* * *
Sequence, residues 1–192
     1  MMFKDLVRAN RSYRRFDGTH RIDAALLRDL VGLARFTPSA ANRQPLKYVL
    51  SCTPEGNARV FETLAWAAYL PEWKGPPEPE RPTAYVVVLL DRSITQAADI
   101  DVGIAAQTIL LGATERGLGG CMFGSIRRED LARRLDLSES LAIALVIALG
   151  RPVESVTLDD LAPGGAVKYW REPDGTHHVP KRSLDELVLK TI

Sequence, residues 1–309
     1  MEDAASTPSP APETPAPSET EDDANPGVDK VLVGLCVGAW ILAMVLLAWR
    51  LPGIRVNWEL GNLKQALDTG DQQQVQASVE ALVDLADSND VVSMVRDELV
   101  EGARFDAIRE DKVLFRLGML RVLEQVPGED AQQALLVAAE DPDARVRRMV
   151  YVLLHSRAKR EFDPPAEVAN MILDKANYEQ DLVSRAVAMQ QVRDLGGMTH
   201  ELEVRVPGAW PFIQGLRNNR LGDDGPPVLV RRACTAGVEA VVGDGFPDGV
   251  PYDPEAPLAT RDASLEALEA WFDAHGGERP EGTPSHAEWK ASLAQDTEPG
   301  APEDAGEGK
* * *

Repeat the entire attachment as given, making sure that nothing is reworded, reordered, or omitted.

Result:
Sequence, residues 1–192
     1  MMFKDLVRAN RSYRRFDGTH RIDAALLRDL VGLARFTPSA ANRQPLKYVL
    51  SCTPEGNARV FETLAWAAYL PEWKGPPEPE RPTAYVVVLL DRSITQAADI
   101  DVGIAAQTIL LGATERGLGG CMFGSIRRED LARRLDLSES LAIALVIALG
   151  RPVESVTLDD LAPGGAVKYW REPDGTHHVP KRSLDELVLK TI

Sequence, residues 1–309
     1  MEDAASTPSP APETPAPSET EDDANPGVDK VLVGLCVGAW ILAMVLLAWR
    51  LPGIRVNWEL GNLKQALDTG DQQQVQASVE ALVDLADSND VVSMVRDELV
   101  EGARFDAIRE DKVLFRLGML RVLEQVPGED AQQALLVAAE DPDARVRRMV
   151  YVLLHSRAKR EFDPPAEVAN MILDKANYEQ DLVSRAVAMQ QVRDLGGMTH
   201  ELEVRVPGAW PFIQGLRNNR LGDDGPPVLV RRACTAGVEA VVGDGFPDGV
   251  PYDPEAPLAT RDASLEALEA WFDAHGGERP EGTPSHAEWK ASLAQDTEPG
   301  APEDAGEGK